The new dean of the House hopes to make the place ‘a bit more civil’

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Fresh out of high school, Harold Rogers trekked north to Cincinnati searching for work, knowing that eastern Kentucky offered little hope for the future. Amid a recession, Rogers couldn’t find work there and instead headed home with a new commitment to trying to revitalize his local region.

“That left a real mark on me. I wanted to try to find ways to bring industry and business to that area, to hire young people who otherwise would, like me, shift off to somewhere else,” Rogers recalled in a recent interview.

Rep. Joyce Beatty asked Rep. Harold Rogers to put on a mask. She says he insulted her instead.

Now in his 42nd year in Congress, Rogers (R-Ky.) has dedicated his career to steering untold billions of dollars into the Appalachian corner of Kentucky, mostly through his four-decade run on the House Appropriations Committee. He has run the subcommittees that funded the Departments of State and Homeland Security and for six years chaired the full committee.

He has recently added a new title: dean of the House.

Following the death last month of Rep. Don Young (R-Alaska), Rogers is considered the longest-serving current member in the House, through a unique tiebreaking system: the alphabet.

He and Rep. Christopher H. Smith (R-N.J.) were part of the massive class elected in 1980, and as R comes before S, Rogers has the edge on seniority. The dean is not an official position inside the House, unlike the Senate’s pro tempore post, which is created by the Constitution and falls in the line of presidential succession.

The House dean’s only formal role is, every two years on the first day of the new Congress, to swear in the speaker. But in recent decades the position has taken on an informal role of preaching the values of the institution.

Two recent deans, John Dingell (D-Mich.), who retired seven years ago as the longest-serving member of Congress ever, and Young, the longest-serving Republican ever in the Capitol, were towering figures.

Their booming voices filled the cavernous House chamber and put the political fear of God in witnesses appearing before their committees.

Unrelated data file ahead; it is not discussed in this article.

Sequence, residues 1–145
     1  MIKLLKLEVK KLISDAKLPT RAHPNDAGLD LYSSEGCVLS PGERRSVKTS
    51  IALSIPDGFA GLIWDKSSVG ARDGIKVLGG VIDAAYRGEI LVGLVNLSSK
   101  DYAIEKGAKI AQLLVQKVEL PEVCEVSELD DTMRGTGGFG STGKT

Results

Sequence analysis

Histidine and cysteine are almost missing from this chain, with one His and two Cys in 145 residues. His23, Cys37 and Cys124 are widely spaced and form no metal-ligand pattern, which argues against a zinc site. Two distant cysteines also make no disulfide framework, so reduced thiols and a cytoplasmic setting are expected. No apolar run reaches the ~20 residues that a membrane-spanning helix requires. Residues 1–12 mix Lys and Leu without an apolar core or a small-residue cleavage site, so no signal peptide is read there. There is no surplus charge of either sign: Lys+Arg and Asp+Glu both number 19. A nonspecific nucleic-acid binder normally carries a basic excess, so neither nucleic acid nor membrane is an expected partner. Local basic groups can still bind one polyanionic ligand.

Rogers, 84, will offer a very different style. Soft-spoken and courteous serve as his default position, and he would like to use this post to nudge leaders back even slightly to his earliest days in Congress.

“For one thing, there’s a big difference in tone. We were a bit more civil toward each other back then,” Rogers said.

Just two and half months ago, Rogers walked into a firestorm of his own making. House rules still required wearing a mask while voting on the floor, so Rep. Joyce Beatty (D-Ohio) asked Rogers to put on his mask as he got onto an underground subway car to the Capitol.

He told her to “kiss my ass” and poked at her. Beatty, chair of the Congressional Black Caucus, accused him of disrespecting and bullying a Black woman, demanding a public apology.

Rogers issued one — “my words were not acceptable” — and his friends point to the moment as an illustration of the right way to fix a bad mistake in an era when junior lawmakers try to use controversy to promote themselves.

“I shouldn’t have done that, I shouldn’t have said that,” Rogers told colleagues, according to Rep. Steve Womack (R-Ark.).

“We all have moments that we regret, that was one for Hal. And I’m so thankful that he apologized, I’m thankful that he’s kind of put it behind him, and I hope the other side will give him the chance to be the dean that I know he will be,” Womack said.

Aides to Beatty did not respond to requests for comment about the incident. After his public apology in early February, Beatty said in an interview on CNN that she accepted the apology and was “moving on.”

Partisan rancor has been especially high in the House during the last couple of years, and the tension following the deadly Jan. 6, 2021, attack on the Capitol by supporters of President Donald Trump, who falsely claimed the 2020 election was stolen, is still palpable. Rogers was one of 147 congressional Republicans who supported at least one objection to counting President-elect Joe Biden’s electoral votes.

THE ATTACK The Jan. 6 siege of the U.S. Capitol was neither a spontaneous act nor an isolated event.